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New global currency talks are renewed. But, is it required?

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There are $6.5 trilion in currency reserves all over the world and most of them are in dollars. That is putting all your eggs in one basket. Given the global gloom and its origins, the world, especially China and Russia is looking for a new world order – a new currency. And they think America is the main reason behind the mess the world is in.

zimbabwe-dollar

Euro was tipped to be the new world currency but it has its own problems. Adding to the existing Euro’s problems is the statement by Russian president Dmitry Medvedev :

“The dollar system or the system based on the dollar and euro have shown that they are flawed," (Business Week)

That’s not an insinuation anymore. That is a direct remark on the existing global currency – the dollar and a damper for the probable new global currency of euro.

China has 70% of its $2 trillion forex reserves in dollar. Most of India’s $260 billion forex reserves are in dollars. There are renewed discussions in the Indian camp about re-thinking the forex portfolio.

China has been pretty vehement in its talk about the global currency. Looks like France and Brazil have joined the party along with Russia. When Russia and China support the same cause then we know we have a serious issue at hand. They wanted to discuss this issue at the G8 summit.

Only problem is, the world has a bigger fish to fry (shouldn’t it be freeze?) at G8. Global warming and not global currency is a more burning and pertinent problem to discuss at G8. And I agree.

Though everyone is talking about a new currency, no one has clear idea of what the global currency would.

I am sure of one currency that would not be a global currency. That is the Zimbabwean dollar. Everything else is on the table – excluding the dollar of course.

What’s wrong with the dollar anyway?

*image credit

  1. Dr. Sisira Kanti Mishra says

    For decades there has been a groundswell of opinion developing in support of a single global currency. With a single global currency, prices worldwide would be denominated in the same unit and could be easily compared. This integration would lead to reinforcing the hegemonic control of a small number of global banking and financial institutions over the process of money creation. This, in turn, would overshadow the functions of national central banks, encroach on the sovereignty of the Nation State and eventually lead to a new phase of the global debt crisis.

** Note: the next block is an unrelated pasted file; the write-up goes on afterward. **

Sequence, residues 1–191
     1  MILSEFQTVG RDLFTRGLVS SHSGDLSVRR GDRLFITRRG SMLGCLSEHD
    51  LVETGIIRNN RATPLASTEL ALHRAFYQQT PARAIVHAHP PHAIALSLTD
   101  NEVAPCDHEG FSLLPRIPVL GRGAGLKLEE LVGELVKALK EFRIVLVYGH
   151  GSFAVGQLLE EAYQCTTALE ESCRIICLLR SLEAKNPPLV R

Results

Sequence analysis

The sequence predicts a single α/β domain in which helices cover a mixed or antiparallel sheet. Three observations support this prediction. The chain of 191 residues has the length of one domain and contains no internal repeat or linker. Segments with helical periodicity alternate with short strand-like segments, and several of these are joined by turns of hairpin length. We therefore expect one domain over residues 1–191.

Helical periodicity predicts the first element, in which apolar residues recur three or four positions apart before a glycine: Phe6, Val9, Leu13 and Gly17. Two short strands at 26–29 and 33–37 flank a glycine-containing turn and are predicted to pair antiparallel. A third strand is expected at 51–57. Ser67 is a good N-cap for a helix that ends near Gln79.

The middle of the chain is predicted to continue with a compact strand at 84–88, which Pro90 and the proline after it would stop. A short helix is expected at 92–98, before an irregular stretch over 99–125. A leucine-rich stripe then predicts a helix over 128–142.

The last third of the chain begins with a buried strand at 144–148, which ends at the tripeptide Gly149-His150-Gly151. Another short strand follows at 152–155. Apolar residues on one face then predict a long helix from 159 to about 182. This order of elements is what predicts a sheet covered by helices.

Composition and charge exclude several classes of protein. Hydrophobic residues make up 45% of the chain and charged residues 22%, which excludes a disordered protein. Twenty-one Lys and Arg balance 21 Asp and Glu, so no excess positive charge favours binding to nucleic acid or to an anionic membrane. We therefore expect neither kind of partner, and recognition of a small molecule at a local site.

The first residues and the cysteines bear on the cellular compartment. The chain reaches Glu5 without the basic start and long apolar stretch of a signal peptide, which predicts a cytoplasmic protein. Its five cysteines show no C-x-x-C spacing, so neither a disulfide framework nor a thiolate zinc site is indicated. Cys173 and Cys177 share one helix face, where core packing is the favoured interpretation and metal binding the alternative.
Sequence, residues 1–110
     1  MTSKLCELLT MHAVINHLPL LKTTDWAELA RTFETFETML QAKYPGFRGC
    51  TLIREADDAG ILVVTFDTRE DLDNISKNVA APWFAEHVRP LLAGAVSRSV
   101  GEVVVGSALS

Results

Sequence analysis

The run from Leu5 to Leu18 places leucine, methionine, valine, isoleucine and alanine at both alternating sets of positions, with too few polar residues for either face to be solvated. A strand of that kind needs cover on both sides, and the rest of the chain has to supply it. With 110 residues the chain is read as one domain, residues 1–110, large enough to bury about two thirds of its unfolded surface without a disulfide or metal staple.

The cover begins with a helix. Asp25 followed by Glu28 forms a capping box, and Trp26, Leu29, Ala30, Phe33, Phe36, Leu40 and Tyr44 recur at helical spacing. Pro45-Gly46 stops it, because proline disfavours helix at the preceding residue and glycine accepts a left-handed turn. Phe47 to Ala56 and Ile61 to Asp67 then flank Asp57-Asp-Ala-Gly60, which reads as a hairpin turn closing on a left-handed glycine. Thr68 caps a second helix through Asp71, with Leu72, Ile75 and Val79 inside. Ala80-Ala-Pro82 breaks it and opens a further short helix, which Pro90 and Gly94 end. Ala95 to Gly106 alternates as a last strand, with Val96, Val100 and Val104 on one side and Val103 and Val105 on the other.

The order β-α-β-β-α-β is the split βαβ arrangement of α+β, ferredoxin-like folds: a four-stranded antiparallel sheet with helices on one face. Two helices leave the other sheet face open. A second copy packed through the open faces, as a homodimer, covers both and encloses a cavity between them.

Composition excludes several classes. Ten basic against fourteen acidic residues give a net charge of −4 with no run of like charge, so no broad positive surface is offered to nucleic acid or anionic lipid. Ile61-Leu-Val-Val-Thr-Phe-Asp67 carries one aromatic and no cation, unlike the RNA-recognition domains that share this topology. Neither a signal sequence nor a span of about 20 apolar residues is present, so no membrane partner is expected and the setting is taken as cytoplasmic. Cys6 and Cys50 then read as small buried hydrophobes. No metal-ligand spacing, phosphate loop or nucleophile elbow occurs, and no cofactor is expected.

Other side of the fact is that a global currency based on the existing IMF’s Special Drawing Rights (SDRs) arrangement, would not fundamentally change the global monetary order.
    Indian economy is recovering faster than expected and is consistently getting broader based. According to World Bank’s South Asia Economic Update, India’s economy will grow at 8-9 per cent over the next two years. Inflation, rising interest rates, small appreciation in the rupee and continued low growth in high-income countries, however, could weigh on the recovery. Risks to outlook come from volatility in capital inflows, staggering global recovery and inflation shocks. Staggered recovery in high-income developed nations might also adversely affect trade prospects and hit remittance inflows; however, growth prospects continue to be optimistic.
    Indian economy have raised the issue of greater internationalization of the Indian rupee and India needs to proactively take steps to increase the role of the domestic currency in the region. Internationalization of rupee would also require India to make the rupee fully convertible.

  2. Squamble says

    Talking about foreign reserves I think India’s foreign reserves increased because of IT boom.
    True we should come up with some standard currency. Dollar is not every thing there is much beyond it !
    Nice article Sriram :)

  3. Arun Prabhudesai says

    @Sriram, what I dont understand is, why do we need Dollar as the pivotal currency and why cant we come up with some kind of standards (and not currency) against which every currency will be measured, traded and exchanged.
    Now, let me tell you that I have zilch of knowledge in this field, but it is apparent that we need to move out of this dollar domination and move to new standard based system !!

    1. Sriram Vadlamani says

      Gold used to be the global currency in the 70’s. As it was too heavy to transfer and transact the world decided to go with dollar – which was a powerful nation at that time. And, it still is.